However, what about those who might not initially enjoy the electronic music focussed DAW? In fact, there are some reasons you should give it another consideration. One of the most powerful features of the update are the humanisation qualities, which include the ability to now strum notes. All in all, this makes programmed notes sound more realistic than ever. 

Furthermore, the MPE capacities – and the ability to use compatible hardware that is attached to control Ableton’s inbuilt MPE synths – mean that there are actually lots of options here. This is great for musicians who are more used to working with real live instruments than programming beats. Are you hoping to cross genres and want a DAW that can stand up to a real instrument or live recording session? Then, it’s definitely worth considering if you were on the fence.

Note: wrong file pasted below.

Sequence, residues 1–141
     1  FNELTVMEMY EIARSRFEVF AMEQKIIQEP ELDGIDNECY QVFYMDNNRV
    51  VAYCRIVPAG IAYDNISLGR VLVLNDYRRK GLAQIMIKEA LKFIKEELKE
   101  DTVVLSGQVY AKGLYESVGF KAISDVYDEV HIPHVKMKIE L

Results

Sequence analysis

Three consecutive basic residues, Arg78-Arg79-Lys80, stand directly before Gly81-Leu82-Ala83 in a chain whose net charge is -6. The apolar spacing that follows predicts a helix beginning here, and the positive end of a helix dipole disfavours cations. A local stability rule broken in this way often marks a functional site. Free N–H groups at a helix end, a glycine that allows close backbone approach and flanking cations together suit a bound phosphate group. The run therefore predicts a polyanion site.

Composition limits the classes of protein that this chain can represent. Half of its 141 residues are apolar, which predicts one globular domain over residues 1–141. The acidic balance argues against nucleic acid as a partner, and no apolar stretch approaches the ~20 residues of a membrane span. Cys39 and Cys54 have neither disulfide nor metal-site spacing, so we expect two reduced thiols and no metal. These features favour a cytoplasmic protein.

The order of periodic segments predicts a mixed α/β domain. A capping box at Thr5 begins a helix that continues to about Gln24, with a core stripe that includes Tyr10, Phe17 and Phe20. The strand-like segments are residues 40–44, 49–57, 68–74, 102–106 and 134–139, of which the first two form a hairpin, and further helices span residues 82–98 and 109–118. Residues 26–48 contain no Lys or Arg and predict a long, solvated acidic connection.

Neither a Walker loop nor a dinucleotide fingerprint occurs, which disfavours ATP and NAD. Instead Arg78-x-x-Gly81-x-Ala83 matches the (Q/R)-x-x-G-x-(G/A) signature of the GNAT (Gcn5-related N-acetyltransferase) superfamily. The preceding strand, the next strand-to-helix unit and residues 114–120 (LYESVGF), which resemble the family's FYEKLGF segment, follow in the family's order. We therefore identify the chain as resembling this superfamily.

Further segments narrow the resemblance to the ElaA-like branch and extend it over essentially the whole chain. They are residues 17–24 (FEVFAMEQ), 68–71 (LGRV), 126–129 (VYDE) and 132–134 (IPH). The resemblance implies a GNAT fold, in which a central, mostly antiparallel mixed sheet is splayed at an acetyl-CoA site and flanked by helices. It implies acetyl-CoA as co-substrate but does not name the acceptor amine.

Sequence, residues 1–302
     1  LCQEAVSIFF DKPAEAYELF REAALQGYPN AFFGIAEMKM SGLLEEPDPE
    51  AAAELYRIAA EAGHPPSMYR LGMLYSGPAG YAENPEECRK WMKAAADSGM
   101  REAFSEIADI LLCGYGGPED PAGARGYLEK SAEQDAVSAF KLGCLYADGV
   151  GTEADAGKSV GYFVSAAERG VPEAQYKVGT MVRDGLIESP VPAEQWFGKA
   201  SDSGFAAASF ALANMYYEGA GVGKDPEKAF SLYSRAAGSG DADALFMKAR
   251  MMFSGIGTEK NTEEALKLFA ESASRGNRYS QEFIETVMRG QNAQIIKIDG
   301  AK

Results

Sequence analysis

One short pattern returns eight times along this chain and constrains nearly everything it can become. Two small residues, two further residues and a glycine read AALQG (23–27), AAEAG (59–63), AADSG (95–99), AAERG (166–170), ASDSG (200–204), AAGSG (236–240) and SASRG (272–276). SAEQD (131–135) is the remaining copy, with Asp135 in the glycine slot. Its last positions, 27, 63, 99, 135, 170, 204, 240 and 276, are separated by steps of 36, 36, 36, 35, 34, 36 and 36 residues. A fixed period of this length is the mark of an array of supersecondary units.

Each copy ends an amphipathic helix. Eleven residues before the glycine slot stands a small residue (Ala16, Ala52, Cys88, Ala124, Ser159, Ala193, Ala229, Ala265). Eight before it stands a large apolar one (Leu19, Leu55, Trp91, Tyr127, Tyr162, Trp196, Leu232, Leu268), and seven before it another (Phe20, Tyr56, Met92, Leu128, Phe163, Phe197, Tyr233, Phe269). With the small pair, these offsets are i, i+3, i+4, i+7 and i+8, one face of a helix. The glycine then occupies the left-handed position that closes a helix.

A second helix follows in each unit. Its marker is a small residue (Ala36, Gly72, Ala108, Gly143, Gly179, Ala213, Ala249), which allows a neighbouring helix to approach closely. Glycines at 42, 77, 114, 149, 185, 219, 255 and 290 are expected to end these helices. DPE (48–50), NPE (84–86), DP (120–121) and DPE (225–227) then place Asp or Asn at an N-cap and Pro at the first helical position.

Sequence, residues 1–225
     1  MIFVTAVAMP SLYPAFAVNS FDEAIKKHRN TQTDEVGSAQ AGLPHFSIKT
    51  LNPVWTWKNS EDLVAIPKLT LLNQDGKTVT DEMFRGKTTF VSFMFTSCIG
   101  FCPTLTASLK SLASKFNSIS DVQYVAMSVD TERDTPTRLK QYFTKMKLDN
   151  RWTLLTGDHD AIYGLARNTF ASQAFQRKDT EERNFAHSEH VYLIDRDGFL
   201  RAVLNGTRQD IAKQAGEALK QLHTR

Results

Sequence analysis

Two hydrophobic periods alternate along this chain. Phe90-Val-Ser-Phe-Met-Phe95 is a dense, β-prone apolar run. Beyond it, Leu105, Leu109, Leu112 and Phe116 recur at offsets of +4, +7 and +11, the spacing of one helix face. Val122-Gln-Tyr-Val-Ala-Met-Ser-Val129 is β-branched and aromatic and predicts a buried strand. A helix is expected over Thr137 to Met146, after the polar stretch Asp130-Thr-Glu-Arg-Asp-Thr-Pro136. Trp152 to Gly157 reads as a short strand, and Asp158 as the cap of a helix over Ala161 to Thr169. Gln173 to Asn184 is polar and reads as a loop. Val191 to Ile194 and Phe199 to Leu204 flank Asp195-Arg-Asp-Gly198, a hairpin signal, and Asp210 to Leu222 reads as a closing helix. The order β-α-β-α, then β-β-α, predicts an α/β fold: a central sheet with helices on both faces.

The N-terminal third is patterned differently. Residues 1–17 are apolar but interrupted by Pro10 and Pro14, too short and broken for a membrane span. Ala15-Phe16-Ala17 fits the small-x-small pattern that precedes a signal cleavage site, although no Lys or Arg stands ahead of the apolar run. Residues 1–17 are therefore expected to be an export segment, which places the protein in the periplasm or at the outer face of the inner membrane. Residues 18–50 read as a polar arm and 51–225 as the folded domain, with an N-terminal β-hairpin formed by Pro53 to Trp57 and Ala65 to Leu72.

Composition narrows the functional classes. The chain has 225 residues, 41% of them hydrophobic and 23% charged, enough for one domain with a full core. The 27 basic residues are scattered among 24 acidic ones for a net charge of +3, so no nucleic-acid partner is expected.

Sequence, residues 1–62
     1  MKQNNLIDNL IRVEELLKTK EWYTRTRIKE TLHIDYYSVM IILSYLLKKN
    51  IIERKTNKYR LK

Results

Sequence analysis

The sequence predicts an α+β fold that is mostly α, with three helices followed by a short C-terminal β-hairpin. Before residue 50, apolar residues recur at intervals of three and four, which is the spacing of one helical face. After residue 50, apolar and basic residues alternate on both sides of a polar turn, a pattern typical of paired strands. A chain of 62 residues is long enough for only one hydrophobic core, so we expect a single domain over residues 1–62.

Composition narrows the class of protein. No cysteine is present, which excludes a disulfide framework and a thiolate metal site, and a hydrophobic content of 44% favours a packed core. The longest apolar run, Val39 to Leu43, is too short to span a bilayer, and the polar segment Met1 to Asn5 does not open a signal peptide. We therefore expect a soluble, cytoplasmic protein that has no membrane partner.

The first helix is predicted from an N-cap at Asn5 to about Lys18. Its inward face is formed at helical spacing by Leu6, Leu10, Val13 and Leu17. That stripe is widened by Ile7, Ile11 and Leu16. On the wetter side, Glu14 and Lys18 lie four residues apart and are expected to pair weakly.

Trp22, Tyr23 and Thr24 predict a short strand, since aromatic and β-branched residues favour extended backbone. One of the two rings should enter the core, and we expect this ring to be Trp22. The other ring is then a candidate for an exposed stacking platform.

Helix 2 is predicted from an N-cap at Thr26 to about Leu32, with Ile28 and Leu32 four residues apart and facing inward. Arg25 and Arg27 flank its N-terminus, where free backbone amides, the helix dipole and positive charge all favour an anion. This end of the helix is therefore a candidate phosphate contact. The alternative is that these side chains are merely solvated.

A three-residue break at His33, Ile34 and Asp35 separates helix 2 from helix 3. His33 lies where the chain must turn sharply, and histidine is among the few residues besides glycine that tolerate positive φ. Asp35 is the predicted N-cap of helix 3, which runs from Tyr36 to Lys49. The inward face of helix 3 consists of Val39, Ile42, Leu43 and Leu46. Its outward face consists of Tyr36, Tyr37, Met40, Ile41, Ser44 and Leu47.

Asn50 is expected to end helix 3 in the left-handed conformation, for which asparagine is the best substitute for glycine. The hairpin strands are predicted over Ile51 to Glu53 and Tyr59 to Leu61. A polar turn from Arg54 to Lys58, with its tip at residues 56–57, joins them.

Is there anything bad about it? 

There isn’t actually much bad about Ableton Live 12 and it’s a pretty well thought out update. There’s clearly a lot of love and care that has gone into the smaller modifications to the workflow, too. 

There are potentially a few reasons you may not want to get it. These tend to come down to preference of the interface, workflow, and formatting, of other DAWs. But there are no major pitfalls with the update and in fact with the new workflow modifications there are bigger things it has achieved. Ableton 12 has done what it seems to have always set out to do, democratising the process of music creation. As a result, it’s easy to get involved even with very little experience.